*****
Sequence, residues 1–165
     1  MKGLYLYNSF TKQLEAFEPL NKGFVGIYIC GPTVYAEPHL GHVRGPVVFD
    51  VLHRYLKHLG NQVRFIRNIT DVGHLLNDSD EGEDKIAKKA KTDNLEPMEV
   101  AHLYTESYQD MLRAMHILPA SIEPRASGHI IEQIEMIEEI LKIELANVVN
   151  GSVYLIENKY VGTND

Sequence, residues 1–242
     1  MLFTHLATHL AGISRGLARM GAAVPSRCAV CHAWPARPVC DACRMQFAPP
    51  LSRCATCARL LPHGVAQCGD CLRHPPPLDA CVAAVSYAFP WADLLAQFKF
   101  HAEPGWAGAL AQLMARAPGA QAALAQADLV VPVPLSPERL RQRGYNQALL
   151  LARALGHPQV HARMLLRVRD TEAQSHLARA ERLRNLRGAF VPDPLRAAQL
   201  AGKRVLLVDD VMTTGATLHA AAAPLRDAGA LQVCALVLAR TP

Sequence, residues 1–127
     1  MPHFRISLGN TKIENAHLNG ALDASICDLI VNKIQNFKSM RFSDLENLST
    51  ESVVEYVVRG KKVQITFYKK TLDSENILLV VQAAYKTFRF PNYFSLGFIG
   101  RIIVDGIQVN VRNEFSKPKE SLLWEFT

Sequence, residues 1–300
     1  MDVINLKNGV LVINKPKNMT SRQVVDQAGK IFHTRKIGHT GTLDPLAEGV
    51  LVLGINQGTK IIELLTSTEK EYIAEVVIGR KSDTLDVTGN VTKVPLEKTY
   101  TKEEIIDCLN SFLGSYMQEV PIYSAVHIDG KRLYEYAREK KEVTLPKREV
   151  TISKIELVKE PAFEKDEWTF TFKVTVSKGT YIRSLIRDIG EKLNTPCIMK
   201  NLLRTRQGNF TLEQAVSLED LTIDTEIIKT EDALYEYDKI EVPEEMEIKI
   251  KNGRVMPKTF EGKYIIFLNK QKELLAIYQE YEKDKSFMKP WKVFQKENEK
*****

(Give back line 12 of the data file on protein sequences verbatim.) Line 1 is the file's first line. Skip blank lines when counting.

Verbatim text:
Sequence, residues 1–127